Pop-up love

Here is an example of installation/ pop-up PR from Brando PR Agency.

Pop-up is one of the things that I’m currently in-love with as a PR technique. (as you can probably tell from the Sainsbury’s Tree-top store post) I see Pop-up a bit like a flash-mob, one that is acceptable to consumers as a marketing technique. Not only this, it has a feel of spontaneity that appeals to people who get bored of the day-to-day and the fact that it’s experiential helps new audience to become involved with the brand.

Pop up helps to achieve PR within PR, each company is not only promoting what it’s  done for the specific project, but is also gaining coverage for the brand as a whole, I know it’s an obvious thing to say but I find it so exciting that PR has moved into a realm where this is possible. In this particular case each company get’s to show off a little bit of CSR too.

In the case of this particular piece of PR, Brando describe,  “Unlike the whole pop up trend whereby something just opens up and then closes down leaving a trail of disappointment, this is more like a flash sale. It opens with a bang, everyone gets excited and then leaves you begging for more like a half finished kiss with Johnny Depp.”

I think the whole point of anything Pop-up is that it’s interactive so it gets people talking, and helps a company to reach a wider audience just because people want to be part of the experience. Whatever the pop-up if people like it they will remember it, and if that’s the case the company has gained a new consumer in the long run.


The Future of PR – the brand You

This video was made in 2007 and for the last two minutes advises PR professionals how to start entering the online world of transparency.

Watching the video all I could think is…well yeh, of course… which goes to show how quickly everything’s moving in the world of PR. It’s a demonstration of how important it is to try and stay one step ahead of the game because in 2010 you don’t just need to have uploaded a piece of video to YouTube, you need to have a blog a twitter, a flickr, and everything else in between – the fun thing about it is how much freedom there now is to experiment, to create what you want to create and give it ago. Unless you get it completely wrong it’s only going to reflect well on you.

The point is that you as an individual and a professional, become a transparent, well represented brand.

Clever, clever Barclays

Ok, so it is slightly old news (nearly 10 months now) but this great bit of PR has stuck in my mind ever since I read about it in PR Week (where I’ve taken the article from).

During the height of the recession, when money worries were foremost in the minds of the majority of consumers, the boss of Barclays turned down his bonus. It’s not like banks hadn’t been in the limelight for laying off staff, previously forbidden mergers, loans from the tax payer, so what a genius move to say, ‘No, I don’t want to take this money while consumers are struggling’.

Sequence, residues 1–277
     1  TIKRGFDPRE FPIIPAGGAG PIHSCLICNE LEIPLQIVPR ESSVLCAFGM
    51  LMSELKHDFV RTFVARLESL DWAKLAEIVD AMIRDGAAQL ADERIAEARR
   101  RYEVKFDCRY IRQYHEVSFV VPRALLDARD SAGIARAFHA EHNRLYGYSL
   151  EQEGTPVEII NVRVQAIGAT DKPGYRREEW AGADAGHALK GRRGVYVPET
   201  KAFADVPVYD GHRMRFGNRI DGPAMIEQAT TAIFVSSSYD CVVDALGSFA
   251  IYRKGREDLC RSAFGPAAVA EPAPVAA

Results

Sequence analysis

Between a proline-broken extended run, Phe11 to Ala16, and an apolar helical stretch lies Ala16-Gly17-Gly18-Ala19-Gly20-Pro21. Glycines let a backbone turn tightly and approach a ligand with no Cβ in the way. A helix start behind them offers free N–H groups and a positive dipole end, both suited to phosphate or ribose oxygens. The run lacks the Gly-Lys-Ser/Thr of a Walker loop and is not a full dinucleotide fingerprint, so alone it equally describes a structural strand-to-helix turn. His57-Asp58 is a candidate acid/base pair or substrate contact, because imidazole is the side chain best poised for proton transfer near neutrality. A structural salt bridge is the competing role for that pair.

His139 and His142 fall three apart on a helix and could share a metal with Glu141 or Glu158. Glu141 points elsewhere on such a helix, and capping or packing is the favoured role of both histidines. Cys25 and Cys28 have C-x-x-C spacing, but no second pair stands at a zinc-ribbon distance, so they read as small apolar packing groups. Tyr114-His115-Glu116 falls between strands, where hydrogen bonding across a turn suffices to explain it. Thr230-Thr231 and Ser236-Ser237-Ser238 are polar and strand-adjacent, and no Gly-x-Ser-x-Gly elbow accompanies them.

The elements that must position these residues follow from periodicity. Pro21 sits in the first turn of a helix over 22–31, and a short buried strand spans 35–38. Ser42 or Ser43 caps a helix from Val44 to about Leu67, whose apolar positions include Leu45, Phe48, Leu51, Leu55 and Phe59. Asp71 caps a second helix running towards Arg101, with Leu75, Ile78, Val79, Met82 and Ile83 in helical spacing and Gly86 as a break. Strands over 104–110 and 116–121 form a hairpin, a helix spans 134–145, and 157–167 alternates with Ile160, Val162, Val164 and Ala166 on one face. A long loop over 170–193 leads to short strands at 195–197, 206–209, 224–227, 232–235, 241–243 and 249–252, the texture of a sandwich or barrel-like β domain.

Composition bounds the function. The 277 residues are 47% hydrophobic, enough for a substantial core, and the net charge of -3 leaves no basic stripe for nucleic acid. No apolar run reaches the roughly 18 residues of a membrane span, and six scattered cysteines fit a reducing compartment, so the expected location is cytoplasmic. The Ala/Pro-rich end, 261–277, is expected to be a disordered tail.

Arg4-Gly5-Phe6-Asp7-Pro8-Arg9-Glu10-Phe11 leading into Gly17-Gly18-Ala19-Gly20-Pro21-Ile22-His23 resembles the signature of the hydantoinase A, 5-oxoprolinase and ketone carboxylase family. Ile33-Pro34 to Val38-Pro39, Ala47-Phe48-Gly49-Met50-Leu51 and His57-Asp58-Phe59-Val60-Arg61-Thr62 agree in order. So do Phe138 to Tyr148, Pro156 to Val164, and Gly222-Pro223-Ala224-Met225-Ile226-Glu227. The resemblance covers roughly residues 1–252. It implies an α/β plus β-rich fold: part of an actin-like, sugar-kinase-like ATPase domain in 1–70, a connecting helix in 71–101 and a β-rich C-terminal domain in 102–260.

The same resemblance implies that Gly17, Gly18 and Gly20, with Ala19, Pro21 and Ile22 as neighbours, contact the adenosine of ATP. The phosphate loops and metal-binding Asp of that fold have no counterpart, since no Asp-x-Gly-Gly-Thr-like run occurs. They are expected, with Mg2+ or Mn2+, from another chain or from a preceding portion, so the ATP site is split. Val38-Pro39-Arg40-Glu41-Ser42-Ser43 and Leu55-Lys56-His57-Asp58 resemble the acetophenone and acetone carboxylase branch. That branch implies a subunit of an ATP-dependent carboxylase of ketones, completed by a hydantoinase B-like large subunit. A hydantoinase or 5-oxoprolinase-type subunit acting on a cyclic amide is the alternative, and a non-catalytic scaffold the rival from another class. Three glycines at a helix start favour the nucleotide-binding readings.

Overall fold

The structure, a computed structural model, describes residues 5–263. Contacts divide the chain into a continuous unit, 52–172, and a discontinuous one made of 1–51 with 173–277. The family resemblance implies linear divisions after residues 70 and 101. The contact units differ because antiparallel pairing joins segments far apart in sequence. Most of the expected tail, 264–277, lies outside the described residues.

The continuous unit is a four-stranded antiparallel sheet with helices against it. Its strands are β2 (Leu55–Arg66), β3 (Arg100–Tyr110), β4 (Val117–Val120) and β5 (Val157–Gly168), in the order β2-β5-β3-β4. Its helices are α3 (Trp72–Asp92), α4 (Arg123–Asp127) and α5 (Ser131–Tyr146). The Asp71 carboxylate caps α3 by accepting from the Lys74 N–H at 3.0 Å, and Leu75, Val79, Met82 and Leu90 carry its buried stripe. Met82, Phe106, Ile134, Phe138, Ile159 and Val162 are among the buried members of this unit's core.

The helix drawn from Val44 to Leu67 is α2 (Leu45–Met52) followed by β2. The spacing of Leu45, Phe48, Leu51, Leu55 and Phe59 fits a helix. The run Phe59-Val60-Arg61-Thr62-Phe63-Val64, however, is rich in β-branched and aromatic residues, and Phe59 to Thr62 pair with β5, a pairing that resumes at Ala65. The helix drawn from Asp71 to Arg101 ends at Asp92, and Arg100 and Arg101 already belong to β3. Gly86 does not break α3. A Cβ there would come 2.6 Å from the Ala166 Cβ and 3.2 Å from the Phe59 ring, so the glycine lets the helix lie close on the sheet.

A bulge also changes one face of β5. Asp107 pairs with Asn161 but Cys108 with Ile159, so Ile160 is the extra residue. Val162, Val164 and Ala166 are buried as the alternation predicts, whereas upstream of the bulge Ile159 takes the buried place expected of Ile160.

Instant integrity in the eyes of shareholders and tax payers; a boost to the man himself; to the Barclay’s brand and it makes competitors look bad all in the same simple action of shaking your head and releasing a well timed statement.

Other banks, who had already watched their reputation suffer in the public limelight while Barclays stood quietly in the background, were left flailing to follow suit – whether they’d intended to do it all along or not it certainly looks like their hands have been forced by Varley and Diamond’s actions.

Made of Meaner Stuff

I’m not always a fan of car adverts – often they say too much about too little – but Skoda just do it for me most times. This is the follow up to their ‘Full of lovely stuff’ advert, and shows the meaner side of the new Skoda Fabia VRS.

I love successful follow-up adverts – the BT ads are another example of this – and this one is a great continuation of the Skoda story. I think it all makes for better and more consistent brand buildingand shows a faith in what they’ve already achieved. By following the same thread through a number of adverts companies encourage consumers to recall not one but two adverts, buy-one-get-one-free air-time.

Heres the link to the last one if you’ve not seen the scrumptious looking prequel to Made of Meaner Stuff.

Sainsbury’s Tree House (Cake Group) – Love it

It happened a few months ago, but I still absolutely love this idea. I’m all for off-the-wall ideas, the ones that make you sit back and think, ‘that’s genius’ because it’s so unexpected – I think it’s one of the best things and PR company can do to make people sit up and pay attention AND, more importantly, get people talking.

Going on my experiences, if someone told me there was a Sainsbury’s tree house in my local park then I would be down there like a shot. It would be all over facebook in an instant and it would make me remember the message that Sainsbury’s is trying to get across far more effectively than another boring – ‘look how environmentally friendly we are’ – statement.

Cake Group were the masterminds behind this one, built in Hainault Forest, Essex in July 2010.

Hello world! Just a brief explanation

Welcome to my latest blog (yes I know it sounds greedy and it is exactly that). PRuttony is my diary of all of the things I love about PR and my almost obsessive, if not completely enjoyable, habit of wasting hours on end looking at my various favourite PR related blogs, magazines, websites and companies.

So much like gluttony (which is also enjoyable, but not in any way necessary) here are all of the things I have and will come across in an attempt to feed my PR greed.